Wen Ju Tseng
BA Jewellery Design
iA collection that subverts the uses of everyday objects to challenge how societal expectations are creating a worrying trend to commodify everything we do into unrealistic values.
How valuable are you? Social expectations have forced us to constantly evaluate and assess individuals. Whether it is a job application or looking for a partner – the collecting and processing of basic personal information provides a system for measuring one’s value that is quietly going out of control. My jewellery collection subverts the uses of everyday objects to challenge how societal expectations are creating a worrying trend to commodify everything we do into unrealistic values.
Each piece in my collection tackles a divisive social expectation. Whether you are the ‘correct’ or ‘accepted’ age or specific sex, have the ‘right’ education, are ‘liked’ enough, single or married, they all share the common role of determining the way we judge people in a society obsessed by control. By referencing familiar objects such as a credit card to a condom, I have elevated their status by highly crafting each piece of jewellery in precious materials to create a tension between our free selves and the bureaucratic dataset identities that govern us.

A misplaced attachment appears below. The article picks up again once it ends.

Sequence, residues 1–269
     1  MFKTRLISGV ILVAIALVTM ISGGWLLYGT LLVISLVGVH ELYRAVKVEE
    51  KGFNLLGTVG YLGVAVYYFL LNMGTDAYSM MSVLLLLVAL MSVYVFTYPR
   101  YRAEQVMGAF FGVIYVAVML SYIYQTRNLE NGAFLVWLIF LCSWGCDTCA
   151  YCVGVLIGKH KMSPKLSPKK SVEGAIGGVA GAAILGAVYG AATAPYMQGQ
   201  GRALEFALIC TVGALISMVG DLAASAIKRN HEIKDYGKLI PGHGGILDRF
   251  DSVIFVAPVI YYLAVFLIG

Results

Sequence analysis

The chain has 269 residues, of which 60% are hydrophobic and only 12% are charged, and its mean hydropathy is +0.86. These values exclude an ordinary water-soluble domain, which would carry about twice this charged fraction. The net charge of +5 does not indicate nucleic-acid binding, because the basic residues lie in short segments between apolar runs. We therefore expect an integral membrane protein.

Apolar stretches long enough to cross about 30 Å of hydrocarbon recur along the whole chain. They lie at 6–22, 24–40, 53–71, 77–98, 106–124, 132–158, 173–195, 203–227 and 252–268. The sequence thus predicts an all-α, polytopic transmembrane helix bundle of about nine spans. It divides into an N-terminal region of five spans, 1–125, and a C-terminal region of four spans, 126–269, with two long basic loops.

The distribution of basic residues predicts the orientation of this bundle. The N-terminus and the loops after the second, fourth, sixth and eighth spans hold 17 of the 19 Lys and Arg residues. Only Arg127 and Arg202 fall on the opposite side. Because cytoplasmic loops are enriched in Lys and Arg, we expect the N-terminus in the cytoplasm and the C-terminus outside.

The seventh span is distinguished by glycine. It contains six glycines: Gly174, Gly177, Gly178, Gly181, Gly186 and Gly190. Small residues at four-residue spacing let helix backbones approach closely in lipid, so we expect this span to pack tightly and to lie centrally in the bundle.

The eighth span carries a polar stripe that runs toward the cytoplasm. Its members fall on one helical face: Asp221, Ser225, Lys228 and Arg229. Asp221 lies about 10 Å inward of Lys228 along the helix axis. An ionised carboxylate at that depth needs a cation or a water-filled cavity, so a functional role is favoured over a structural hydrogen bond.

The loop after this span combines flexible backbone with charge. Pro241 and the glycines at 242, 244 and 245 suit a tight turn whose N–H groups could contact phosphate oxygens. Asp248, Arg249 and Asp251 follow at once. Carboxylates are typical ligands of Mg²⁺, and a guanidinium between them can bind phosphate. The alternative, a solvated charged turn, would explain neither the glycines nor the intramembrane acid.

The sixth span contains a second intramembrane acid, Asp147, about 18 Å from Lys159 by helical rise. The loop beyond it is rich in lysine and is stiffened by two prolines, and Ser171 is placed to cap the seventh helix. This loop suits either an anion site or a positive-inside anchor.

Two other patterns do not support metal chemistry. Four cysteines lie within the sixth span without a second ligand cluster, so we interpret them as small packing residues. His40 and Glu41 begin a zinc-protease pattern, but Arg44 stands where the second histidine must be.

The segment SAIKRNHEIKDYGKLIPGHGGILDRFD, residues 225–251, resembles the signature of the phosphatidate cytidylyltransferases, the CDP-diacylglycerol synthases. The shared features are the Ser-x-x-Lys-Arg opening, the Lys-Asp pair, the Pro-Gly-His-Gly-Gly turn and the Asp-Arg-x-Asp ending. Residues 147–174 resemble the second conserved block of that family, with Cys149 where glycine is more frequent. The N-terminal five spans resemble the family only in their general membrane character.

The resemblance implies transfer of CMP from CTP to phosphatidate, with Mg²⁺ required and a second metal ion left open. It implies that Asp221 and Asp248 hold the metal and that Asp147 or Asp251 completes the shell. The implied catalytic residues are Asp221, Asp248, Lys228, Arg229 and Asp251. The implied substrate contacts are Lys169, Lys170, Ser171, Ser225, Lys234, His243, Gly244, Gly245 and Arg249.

The aim of my work is to encourage a rethink on how individuals are valued, using humour, wit and an irreverent attitude to tackle some of these thorny issues by talking about them. Given the extent to which submerged expectations govern our society and the increasing negative effects on mental health, I feel strongly that if these discourses are confronted positively, societal expectations could, once again, become the motivation for success and happiness.
My pieces encourage positive attitudes by suggesting that these expectations are imposed on us unwillingly – as symbolised in the sometimes uncomfortable wearing of my jewellery. And yet, we can at least determine how we want others to perceive and value us, to be truly ourselves and free from these sometimes absurd societal constructs.
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